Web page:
How can this speaker cost so much?

It is baffling to me indeed!

I admit it's been a while since I checked the state of the art but that seems beyond obscene... sorry.

Can anyone explain or point me in a direction to find?

volvic's picture

with all the above comments and I too have spent a large sum of money trying to reach sonic nirvana, yet I have decided that if they want to charge this much and there is a demand more power to them.  In the end the market will decide whether or not their pricing structure makes sense.  Audio history is full of companies that made exceptional prodcuts that came and went; Tandberg, Hovland, Sonic Frontiers etc., something tells me those companies won't be the last. 

volvic's picture

this is not to imply that Tandberg, Hovland and Sonic Froniters closed doors due to overpriced products, simply that the "invisible hand" was the final arbiter.  High end companies charge based on their fixed and variable costs.  In the end it is up to us as the consumer to judge whether or not it is worth all that mooula!  A few years ago at the Mtl hi-fi show I heard an Audio Research CD player and integrated amp with a Verity Audio speaker.  It was way cheaper than the all MBL kit in another room and in my opinion sounded way better.  Others may disagree.  $24,950.00 for mini monitors ? Perhaps, but I reckon I could do just as well with a cheaper alternative.   

firebook23's picture

I am sure that these sound good. But for the price of a good car i am sorry, I am out. Great speaker designers know about the 10/10 rule. It stats that you need to spend 10x more money to get 10% more performance. So this Speaker would give you about 10% more performance then a 2500$ speaker. I would rather get a speaker by PSB Speakerswharfedale, paradigm or many others. Then just buy a second car.

passion4sound's picture

I would encourage each of you to consider the following; while it may be true that the Q1 is at a similar price to a new Ford Focus, in five years the Q1 will be worth 12k and the focus, well.......about 6K or less (I'm guessing). Also, please know that I have "High End" equipment from 1989 that cost more than the  BMW M3 I bought that same year....... While I still own (and enjoy) the equipment,  the Beemer has long been recycled (probably into a new Ford Focus) for the value of the iron. This brand new car I would not want to own at any price! What are we here for people? I say it's Audiophilia........we're after the best sound we can afford. Today, we are fortunate to have people out there (name your manufacturer here) pouring their lives into a hobby just for us to enjoy! Instead, we throw rocks at the effort. Keep that up and its over!!!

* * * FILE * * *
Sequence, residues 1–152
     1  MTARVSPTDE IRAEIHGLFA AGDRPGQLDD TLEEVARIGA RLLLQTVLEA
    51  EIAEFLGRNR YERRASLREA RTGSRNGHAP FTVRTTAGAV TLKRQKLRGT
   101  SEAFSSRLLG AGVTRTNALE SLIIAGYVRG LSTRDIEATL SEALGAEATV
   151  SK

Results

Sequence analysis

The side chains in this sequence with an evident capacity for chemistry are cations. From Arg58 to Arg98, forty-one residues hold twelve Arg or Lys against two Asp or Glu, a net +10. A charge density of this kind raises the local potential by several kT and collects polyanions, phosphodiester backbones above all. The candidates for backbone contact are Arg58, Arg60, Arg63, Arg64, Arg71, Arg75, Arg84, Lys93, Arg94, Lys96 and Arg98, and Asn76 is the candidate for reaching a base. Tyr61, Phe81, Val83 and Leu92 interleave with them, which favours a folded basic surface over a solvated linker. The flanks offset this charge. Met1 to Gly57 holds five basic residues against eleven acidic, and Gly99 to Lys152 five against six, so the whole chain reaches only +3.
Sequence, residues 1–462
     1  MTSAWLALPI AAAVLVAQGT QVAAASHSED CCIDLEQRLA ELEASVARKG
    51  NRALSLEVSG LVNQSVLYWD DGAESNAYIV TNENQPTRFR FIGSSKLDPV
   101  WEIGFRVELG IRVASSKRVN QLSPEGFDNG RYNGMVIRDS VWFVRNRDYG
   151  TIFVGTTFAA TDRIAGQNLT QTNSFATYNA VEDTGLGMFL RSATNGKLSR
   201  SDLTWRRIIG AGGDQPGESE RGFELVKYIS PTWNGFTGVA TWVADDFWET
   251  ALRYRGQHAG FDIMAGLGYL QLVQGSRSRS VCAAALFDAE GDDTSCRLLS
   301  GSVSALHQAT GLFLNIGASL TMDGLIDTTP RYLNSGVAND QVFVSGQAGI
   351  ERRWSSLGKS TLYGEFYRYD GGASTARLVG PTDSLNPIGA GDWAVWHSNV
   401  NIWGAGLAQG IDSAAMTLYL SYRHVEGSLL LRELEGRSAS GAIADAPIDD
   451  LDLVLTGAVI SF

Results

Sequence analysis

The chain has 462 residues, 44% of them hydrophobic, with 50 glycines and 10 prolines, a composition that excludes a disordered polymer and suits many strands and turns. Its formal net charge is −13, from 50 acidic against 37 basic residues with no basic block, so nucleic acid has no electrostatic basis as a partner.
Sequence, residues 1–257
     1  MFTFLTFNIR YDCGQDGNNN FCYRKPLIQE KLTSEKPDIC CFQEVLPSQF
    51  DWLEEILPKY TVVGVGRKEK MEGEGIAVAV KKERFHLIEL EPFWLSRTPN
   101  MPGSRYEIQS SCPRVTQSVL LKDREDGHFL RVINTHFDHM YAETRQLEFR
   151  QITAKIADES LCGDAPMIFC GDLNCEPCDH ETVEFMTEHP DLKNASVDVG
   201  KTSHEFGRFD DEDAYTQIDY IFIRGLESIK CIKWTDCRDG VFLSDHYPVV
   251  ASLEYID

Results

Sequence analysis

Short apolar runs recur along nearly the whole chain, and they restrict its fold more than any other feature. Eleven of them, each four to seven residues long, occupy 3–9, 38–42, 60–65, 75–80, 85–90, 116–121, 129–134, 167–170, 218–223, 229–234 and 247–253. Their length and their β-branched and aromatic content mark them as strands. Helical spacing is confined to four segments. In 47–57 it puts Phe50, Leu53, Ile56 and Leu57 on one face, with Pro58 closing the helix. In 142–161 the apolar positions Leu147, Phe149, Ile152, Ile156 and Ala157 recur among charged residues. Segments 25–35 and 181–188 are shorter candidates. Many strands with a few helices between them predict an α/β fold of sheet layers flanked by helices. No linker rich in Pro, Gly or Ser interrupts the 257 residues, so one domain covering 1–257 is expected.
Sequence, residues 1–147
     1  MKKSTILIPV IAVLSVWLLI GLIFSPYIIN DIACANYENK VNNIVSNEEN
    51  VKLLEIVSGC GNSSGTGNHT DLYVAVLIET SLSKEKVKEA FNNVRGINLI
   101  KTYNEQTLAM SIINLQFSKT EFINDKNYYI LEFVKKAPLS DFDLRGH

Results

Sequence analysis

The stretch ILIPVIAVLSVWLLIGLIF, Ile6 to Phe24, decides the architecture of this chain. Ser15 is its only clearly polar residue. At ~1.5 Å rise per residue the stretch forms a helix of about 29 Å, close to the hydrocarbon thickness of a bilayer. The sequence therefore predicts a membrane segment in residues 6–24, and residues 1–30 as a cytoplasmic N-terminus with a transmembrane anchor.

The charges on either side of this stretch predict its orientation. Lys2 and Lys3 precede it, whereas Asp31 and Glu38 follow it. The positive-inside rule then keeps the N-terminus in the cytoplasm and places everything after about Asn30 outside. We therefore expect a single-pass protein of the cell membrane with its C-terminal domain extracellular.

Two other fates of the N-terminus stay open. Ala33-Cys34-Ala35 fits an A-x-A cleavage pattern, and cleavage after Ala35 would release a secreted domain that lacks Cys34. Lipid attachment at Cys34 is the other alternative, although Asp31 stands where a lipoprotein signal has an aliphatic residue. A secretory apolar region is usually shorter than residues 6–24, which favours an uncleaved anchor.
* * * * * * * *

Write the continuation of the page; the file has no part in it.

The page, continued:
I listened to the Q1 for several hours while the people from Magico allowed me to play disc after disc. Ultimately, I have decided to sell my Magico V3's (which replaced my Watt/Puppys), to enable the purchase of the Q1! The designer (Alon Wolf) was there and took the time to explain to me that among the many internal breakthroughs Magico is bringing to the listener,  the considerable machining costs of all aluminum parts used to make an inert enclosure with a (near) defraction free front baffel looks easy but is far from it. No ugly foam or strands to get in the way of the sound, no woofers close to the floor overwhelming my "smallish" listening area. Just pure pistonic efficiency. I was impressed beyond my ability to write about it.

The method of assembly (endoskeleton) was on display, for all of us to see in the adjacent room. It is due to this design execution that the Q1, while costing more than a bevy of other speakers two, three or even four times the size, the little Q1 sounded big, controlled, dynamic and was to me ~ among the top four rooms of the show!!!!

music guy's picture

...your reply is intriguing and clearly overflowing with the excitement of a great listening experience.  Enjoy. WDW

volvic's picture

My bimmer 3 series is 23 years old and still going great!!! and passion4sound I would take care of that M3, that was the all time best.  I cannot disagree with you, these speakers brought you immense pleasure and Alon Wolf no doubt a great designer, has made an extraordinary speaker, but there are many ways to design a loudspeaker and his is just one way.  Others can and do design speakers for a lot less that offer just as much satisfaction; Joseph Audio, Usher etc, Verity Audio (smaller ones).  Question of taste, budgets and priorities. Like I said above, if you love them and can justify the price then by all means enjoy!!! That is what I meant about the market deciding.  Long live suppy and demand.

hamza123's picture